Pitcher remained in residence on part of Section 360 and lived there at least until he operated the Grand Junction Store. Local historian H. John Lewis states that Pitcher sold the southern forty acres of Section 360 in 1845 and at the same time sold the north-eastern corner of about eight acres to William Webber, another early settler.

According to descendant, Pat Wundersitz, James Pitcher brought a still over from Acre 49 at Walkerville in 1845, to Bushy Farm, where he supplied water and wood to 'someone', working in the cellar, to make illicit booze. He was reported by Sub Inspector Litchfield, along with Mr. Boord, who had imported various items from England, but had not declared the cigars. The police did not have a horse and cart to transport the still and utensils to the Queens Warehouse. However in October of that year, James was fined £150.0.0 despite lodging a testimonial signed by various acquaintances, attesting to his industry and hard work. That was a lot of money to find, so he had to realise assets quickly to pay for the fine.

James Pitcher soon took an active interest in civic affairs and often took up his cudgel to protect the rights and freedom of unrepresented colonists. He was particularly active from 1850. He was appointed a delegate with four others to represent the Yatala district to oppose the inequitable impositions of taxes for roads, and he chaired meetings of the South Australian Political Association at Hindmarsh in 1850.

With 75 other landowners he petitioned the Legislative Council in 1851 for electoral ballot. In November 1853 at a council meeting for striking a proposed rate including the Gepp’s Cross and the Grand Junction district he held the floor and spoke at length to strong acclaim and cheers of the waste of rate monies on heavily-salaried officers.

He opposed the fact that only five councillors with a quorum set as low as three were making decisions for up to five thousand and that the District Council had chosen to pay John Chapple £180 for nine week’s rates assessment work, when another had offered to do it for £75.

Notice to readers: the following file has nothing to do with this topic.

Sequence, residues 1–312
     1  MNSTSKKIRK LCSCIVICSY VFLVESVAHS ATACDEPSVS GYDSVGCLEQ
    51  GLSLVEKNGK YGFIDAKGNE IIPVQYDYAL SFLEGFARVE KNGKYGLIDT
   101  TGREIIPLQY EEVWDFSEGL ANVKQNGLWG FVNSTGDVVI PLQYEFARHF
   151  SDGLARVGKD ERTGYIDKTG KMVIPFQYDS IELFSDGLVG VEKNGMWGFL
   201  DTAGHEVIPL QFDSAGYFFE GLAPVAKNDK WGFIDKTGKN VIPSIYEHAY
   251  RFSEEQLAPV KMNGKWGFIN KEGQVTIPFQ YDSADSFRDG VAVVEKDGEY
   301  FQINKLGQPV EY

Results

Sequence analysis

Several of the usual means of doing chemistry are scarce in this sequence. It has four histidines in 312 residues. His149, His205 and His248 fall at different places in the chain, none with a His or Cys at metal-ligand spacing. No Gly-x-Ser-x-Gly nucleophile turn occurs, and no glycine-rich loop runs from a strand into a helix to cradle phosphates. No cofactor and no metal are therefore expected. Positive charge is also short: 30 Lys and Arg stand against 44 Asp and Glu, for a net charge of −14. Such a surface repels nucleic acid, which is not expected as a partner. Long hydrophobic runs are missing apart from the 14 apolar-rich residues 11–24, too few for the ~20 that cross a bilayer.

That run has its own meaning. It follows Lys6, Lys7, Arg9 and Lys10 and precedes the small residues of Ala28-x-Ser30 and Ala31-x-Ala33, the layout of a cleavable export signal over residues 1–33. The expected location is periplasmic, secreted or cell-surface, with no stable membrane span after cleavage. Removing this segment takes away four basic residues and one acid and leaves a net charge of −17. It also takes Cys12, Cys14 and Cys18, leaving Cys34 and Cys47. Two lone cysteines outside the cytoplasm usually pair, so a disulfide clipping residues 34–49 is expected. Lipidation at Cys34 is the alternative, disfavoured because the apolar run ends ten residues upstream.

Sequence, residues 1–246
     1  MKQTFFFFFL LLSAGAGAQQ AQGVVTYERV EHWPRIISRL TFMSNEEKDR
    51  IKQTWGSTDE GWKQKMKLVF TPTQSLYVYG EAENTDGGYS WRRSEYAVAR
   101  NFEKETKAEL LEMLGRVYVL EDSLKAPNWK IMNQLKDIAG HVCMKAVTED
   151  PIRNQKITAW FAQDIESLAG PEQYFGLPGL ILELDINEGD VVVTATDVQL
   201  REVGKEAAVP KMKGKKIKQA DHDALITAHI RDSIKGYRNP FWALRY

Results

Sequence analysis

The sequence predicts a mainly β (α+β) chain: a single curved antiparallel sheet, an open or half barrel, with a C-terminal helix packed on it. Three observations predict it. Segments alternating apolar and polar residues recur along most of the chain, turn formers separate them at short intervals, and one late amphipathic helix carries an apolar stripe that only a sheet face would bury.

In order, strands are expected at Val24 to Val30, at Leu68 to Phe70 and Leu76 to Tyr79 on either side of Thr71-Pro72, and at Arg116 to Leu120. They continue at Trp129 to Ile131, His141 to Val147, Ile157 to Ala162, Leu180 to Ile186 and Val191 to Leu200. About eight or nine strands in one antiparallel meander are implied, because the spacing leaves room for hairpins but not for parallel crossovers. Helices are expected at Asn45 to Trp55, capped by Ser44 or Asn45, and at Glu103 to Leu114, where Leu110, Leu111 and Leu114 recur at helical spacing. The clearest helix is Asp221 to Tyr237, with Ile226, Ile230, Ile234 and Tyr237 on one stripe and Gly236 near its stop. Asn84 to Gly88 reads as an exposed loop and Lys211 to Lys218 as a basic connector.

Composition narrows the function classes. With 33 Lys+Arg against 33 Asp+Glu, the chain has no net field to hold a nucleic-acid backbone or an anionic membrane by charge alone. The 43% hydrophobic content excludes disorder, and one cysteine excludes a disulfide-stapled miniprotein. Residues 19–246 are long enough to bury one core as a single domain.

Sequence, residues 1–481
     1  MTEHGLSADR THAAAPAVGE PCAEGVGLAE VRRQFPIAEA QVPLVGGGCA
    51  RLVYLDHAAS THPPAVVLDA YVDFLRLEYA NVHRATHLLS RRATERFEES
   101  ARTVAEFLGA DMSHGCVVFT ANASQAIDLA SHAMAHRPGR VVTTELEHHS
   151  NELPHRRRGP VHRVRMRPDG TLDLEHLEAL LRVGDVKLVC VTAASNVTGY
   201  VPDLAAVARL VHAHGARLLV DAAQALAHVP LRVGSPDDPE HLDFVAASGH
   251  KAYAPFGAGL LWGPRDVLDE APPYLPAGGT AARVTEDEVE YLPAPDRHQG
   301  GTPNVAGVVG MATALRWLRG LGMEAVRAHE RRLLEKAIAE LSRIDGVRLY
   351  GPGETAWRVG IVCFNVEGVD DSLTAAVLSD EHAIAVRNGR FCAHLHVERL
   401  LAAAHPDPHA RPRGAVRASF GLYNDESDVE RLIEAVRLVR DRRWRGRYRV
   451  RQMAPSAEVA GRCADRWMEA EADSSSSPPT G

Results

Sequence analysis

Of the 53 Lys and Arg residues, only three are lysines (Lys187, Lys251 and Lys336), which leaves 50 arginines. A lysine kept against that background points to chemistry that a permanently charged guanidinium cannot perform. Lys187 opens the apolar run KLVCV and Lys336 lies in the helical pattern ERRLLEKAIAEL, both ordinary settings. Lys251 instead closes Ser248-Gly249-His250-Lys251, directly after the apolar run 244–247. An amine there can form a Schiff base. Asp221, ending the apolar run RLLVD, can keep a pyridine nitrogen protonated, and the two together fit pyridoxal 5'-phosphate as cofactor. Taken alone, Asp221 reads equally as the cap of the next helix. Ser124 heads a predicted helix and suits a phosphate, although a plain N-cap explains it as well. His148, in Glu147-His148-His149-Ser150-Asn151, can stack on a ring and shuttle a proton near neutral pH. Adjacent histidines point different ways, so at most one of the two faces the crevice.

James Pitcher further complained that he had looked at the assessment book, and found that he himself was entered as the owner of the section on which Gepp’s Cross stands, although he had sold the property years ago. The consequence was that if the persons entered as tenants did not pay he should be held liable as owner. He maintained that if other assessment mistakes were made throughout the district then nothing had been done for the £180. His campaign continued at a follow-up meeting and a letter to the editor of the local paper.

James Pitcher was elected councillor for the Yatala Council in June 1854. In an extraordinary council meeting in January 1858 he voted on a successful resolution for the council to buy from Charles Matthews about one acre, part of Section 360, part of Bushy Farm, once owned by himself. The council land was to be used as an animal pound and to erect a council hall. He actively campaigned for a replacement teacher at the Grand Junction School when the Education Board failed to replace a deceased teacher.

In 1856 James operated a store with Post Office while still attending to council matters. He resigned from public office in December 1858 and a year later booked a passage on the Orient for London. He returned in 1865 on the same ship. After his return he again became involved with council work and when the District of Prospect was proclaimed on 1 August 1872, James was appointed Clerk, Collector of Rates, Overseer of Works and Registrar of dogs. Both James Pitcher and his wife are buried in the Walkerville cemetery. He had previously sold this land to the Methodist Church.

Webber, a blacksmith of Tam O’Shanter is reported to have had right of occupancy of eight acres at the north-east corner of Section 360 in August 1845 but passed it on to Isaac Gepp for little gain. Gepp then sold his Part Section 360 to Charles Matthews in 1854. In 1858 Matthews sold one acre of his Part Section 360, bordering John Merritt’s farm, to the council, which wanted the land to erect a civic hall and stray animal pound. Once built the hall was used as a council office and school until 1899 when it was used as a dwelling.

John Merritt took up occupancy of the southern 41 acres, Part Section 360, Bushy Farm, as a residence for his growing family, to farm, graze his team of working bullocks and a base for his business of carrier. He left Islington after April 1845 and resided at ‘the pine forest’ before August 1847 when his son Frank was born there, followed by Rosetta Merritt in December 1849 when the family’s residence was given as ‘North Road’.